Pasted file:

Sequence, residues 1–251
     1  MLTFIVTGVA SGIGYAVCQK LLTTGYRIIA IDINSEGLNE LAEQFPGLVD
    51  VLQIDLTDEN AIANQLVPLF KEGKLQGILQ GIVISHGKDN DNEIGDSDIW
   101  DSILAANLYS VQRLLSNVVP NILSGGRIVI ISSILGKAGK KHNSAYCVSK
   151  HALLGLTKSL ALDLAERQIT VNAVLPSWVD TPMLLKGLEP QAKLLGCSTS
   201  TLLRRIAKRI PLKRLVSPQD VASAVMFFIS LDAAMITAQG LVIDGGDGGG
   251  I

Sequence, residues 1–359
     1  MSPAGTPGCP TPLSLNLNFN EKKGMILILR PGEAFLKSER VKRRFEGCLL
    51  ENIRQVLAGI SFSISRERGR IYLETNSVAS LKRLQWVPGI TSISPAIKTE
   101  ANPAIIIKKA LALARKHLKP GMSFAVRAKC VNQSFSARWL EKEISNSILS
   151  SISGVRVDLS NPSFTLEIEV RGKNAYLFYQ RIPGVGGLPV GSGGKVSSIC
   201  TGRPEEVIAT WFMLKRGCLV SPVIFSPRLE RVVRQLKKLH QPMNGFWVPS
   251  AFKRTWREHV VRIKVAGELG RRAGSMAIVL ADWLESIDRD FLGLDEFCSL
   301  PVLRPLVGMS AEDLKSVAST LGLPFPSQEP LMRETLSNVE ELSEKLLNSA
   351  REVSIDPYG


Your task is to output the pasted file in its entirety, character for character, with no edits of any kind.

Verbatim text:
Sequence, residues 1–251
     1  MLTFIVTGVA SGIGYAVCQK LLTTGYRIIA IDINSEGLNE LAEQFPGLVD
    51  VLQIDLTDEN AIANQLVPLF KEGKLQGILQ GIVISHGKDN DNEIGDSDIW
   101  DSILAANLYS VQRLLSNVVP NILSGGRIVI ISSILGKAGK KHNSAYCVSK
   151  HALLGLTKSL ALDLAERQIT VNAVLPSWVD TPMLLKGLEP QAKLLGCSTS
   201  TLLRRIAKRI PLKRLVSPQD VASAVMFFIS LDAAMITAQG LVIDGGDGGG
   251  I

Sequence, residues 1–359
     1  MSPAGTPGCP TPLSLNLNFN EKKGMILILR PGEAFLKSER VKRRFEGCLL
    51  ENIRQVLAGI SFSISRERGR IYLETNSVAS LKRLQWVPGI TSISPAIKTE
   101  ANPAIIIKKA LALARKHLKP GMSFAVRAKC VNQSFSARWL EKEISNSILS
   151  SISGVRVDLS NPSFTLEIEV RGKNAYLFYQ RIPGVGGLPV GSGGKVSSIC
   201  TGRPEEVIAT WFMLKRGCLV SPVIFSPRLE RVVRQLKKLH QPMNGFWVPS
   251  AFKRTWREHV VRIKVAGELG RRAGSMAIVL ADWLESIDRD FLGLDEFCSL
   301  PVLRPLVGMS AEDLKSVAST LGLPFPSQEP LMRETLSNVE ELSEKLLNSA
   351  REVSIDPYG